Moving toward regeneration
The skin, the blood, and the lining of the gut—adult stem cells replenish them every day. But stem cells really show off their healing powers in planarians, those humble flatworms fabled for their ability to rebuild any missing body part.
Scientists first hypothesized in the late 1800s that planarian stem cells, which normally gather near the worms’ midlines, can travel toward wounds. But the next century produced evidence both for and against that idea. Armed with modern tools, Howard Hughes Medical Institute and Stowers Investigator Alejandro Sánchez Alvarado, PhD, decided to revisit the question.
When they tracked stem cells in the flatworm Schmidtea mediterranea, Sánchez Alvarado’s team found the worms’ stem cells—known as neoblasts—march out, multiply, and start rebuilding tissues lost to amputation. “We were able to demonstrate that fully potent stem cells can mobilize when tissues undergo structural damage,” says Sánchez Alvarado. “And these processes are probably happening to both you and me as we speak, but are very difficult to visualize in organisms like us.”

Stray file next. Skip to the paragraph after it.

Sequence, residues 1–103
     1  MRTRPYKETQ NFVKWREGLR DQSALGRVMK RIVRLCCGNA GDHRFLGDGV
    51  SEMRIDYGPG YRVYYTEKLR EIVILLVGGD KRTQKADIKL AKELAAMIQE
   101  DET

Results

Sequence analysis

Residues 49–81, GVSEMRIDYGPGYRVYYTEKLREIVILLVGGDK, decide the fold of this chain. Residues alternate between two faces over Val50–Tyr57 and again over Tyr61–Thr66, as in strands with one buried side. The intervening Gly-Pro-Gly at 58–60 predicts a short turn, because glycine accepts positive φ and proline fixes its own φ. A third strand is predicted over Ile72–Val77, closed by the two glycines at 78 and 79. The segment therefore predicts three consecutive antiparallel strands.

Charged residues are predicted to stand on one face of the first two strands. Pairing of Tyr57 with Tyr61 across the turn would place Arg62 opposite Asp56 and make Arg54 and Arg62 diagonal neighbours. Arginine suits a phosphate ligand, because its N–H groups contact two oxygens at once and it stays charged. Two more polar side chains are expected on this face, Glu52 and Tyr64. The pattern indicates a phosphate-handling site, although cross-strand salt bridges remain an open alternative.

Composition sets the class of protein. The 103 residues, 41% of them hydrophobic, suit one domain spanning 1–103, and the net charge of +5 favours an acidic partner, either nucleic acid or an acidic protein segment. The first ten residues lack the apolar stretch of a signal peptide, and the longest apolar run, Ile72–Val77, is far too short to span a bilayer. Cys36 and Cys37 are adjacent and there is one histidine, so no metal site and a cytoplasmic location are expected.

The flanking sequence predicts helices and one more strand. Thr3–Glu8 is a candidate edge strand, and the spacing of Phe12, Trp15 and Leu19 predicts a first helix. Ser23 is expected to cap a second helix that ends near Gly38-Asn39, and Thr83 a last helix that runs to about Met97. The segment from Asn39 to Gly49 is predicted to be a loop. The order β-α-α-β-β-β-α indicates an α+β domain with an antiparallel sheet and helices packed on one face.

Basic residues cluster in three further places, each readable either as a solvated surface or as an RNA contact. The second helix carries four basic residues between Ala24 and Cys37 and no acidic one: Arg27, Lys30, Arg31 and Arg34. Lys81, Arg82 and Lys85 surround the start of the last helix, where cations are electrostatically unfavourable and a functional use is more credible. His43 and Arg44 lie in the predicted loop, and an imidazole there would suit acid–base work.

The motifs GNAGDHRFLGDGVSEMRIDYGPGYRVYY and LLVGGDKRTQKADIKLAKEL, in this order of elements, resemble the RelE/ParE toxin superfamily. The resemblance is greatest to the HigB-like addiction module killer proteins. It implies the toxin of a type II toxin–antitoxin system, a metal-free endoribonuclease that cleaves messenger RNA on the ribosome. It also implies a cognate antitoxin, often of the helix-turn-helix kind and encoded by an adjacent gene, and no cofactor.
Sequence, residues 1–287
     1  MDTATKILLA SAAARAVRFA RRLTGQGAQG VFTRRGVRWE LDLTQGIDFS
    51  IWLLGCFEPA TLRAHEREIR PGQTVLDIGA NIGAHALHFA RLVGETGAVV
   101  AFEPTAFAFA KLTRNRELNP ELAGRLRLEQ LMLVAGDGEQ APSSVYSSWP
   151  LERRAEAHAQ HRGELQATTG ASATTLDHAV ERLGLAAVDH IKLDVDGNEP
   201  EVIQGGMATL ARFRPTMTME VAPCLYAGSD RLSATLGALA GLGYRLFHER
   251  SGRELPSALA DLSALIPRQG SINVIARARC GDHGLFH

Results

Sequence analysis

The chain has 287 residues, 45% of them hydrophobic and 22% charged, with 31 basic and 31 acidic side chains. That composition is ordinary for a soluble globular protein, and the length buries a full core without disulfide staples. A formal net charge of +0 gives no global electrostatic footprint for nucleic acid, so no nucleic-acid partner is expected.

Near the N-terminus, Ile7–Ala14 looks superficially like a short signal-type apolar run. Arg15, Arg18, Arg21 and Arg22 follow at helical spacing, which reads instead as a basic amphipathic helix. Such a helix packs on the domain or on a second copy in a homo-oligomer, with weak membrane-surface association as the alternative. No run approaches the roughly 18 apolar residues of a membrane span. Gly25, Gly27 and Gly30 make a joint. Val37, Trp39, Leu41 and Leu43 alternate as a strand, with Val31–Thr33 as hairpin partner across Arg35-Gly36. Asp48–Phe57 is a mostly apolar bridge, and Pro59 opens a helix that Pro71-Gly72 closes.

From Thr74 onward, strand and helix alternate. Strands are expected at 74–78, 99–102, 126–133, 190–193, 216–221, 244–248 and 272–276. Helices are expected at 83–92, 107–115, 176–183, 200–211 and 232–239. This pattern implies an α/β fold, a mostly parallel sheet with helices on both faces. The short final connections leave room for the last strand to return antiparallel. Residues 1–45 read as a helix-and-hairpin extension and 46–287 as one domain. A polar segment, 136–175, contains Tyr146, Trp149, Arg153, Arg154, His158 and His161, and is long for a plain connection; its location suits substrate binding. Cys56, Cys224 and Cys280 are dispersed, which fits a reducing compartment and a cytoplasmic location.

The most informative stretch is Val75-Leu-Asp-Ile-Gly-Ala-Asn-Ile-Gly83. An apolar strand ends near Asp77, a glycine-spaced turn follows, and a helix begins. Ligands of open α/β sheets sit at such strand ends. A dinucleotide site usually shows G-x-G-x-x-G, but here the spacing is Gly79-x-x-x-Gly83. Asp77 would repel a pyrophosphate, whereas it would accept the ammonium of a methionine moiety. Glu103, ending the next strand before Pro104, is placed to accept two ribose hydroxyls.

Stem cells hold the potential to provide an unlimited source of specialized cells for regenerative therapy for a wide variety of diseases, but delivering human stem cell therapies to the right location in the body remains a major challenge. The ability to follow individual neoblasts opens the door to uncovering the molecular cues that help planarian stem cells navigate to the injury site, and ultimately may allow scientists to provide therapeutic stem cells with guideposts to their correct destination.
The study was published in the October 1, 2012, issue of Development.